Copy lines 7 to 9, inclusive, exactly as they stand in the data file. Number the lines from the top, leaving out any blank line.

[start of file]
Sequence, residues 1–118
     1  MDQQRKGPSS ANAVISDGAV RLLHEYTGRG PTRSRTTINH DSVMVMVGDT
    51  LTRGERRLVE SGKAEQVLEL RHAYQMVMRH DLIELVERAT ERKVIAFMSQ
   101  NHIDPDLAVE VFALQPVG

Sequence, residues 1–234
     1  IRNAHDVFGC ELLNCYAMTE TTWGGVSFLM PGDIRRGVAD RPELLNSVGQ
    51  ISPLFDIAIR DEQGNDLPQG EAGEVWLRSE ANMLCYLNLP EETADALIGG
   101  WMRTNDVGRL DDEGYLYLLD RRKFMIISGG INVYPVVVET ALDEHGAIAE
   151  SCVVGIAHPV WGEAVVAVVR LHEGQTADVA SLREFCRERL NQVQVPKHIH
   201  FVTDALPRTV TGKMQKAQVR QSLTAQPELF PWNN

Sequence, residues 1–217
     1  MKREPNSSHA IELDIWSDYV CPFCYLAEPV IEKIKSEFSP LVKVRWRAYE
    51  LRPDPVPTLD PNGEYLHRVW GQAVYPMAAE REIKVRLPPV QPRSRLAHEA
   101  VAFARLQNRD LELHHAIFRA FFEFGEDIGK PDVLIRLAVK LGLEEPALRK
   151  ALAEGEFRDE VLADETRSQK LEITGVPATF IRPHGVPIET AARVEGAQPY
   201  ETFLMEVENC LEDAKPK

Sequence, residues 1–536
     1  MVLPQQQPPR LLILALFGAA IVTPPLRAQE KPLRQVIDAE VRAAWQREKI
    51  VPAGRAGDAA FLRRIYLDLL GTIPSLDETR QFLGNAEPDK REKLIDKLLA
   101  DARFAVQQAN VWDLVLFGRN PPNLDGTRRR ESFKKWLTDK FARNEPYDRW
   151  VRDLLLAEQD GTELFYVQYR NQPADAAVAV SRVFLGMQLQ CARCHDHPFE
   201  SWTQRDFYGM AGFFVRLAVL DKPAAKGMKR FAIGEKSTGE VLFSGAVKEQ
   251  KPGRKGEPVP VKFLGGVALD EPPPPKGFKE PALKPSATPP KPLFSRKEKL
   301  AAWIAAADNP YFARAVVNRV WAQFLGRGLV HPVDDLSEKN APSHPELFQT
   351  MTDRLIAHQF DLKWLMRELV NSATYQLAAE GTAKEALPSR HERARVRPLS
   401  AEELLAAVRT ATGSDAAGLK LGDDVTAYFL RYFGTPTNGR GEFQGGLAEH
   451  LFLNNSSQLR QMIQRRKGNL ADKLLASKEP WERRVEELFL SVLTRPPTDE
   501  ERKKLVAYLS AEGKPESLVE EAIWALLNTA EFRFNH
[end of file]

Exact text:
    51  ISPLFDIAIR DEQGNDLPQG EAGEVWLRSE ANMLCYLNLP EETADALIGG
   101  WMRTNDVGRL DDEGYLYLLD RRKFMIISGG INVYPVVVET ALDEHGAIAE
   151  SCVVGIAHPV WGEAVVAVVR LHEGQTADVA SLREFCRERL NQVQVPKHIH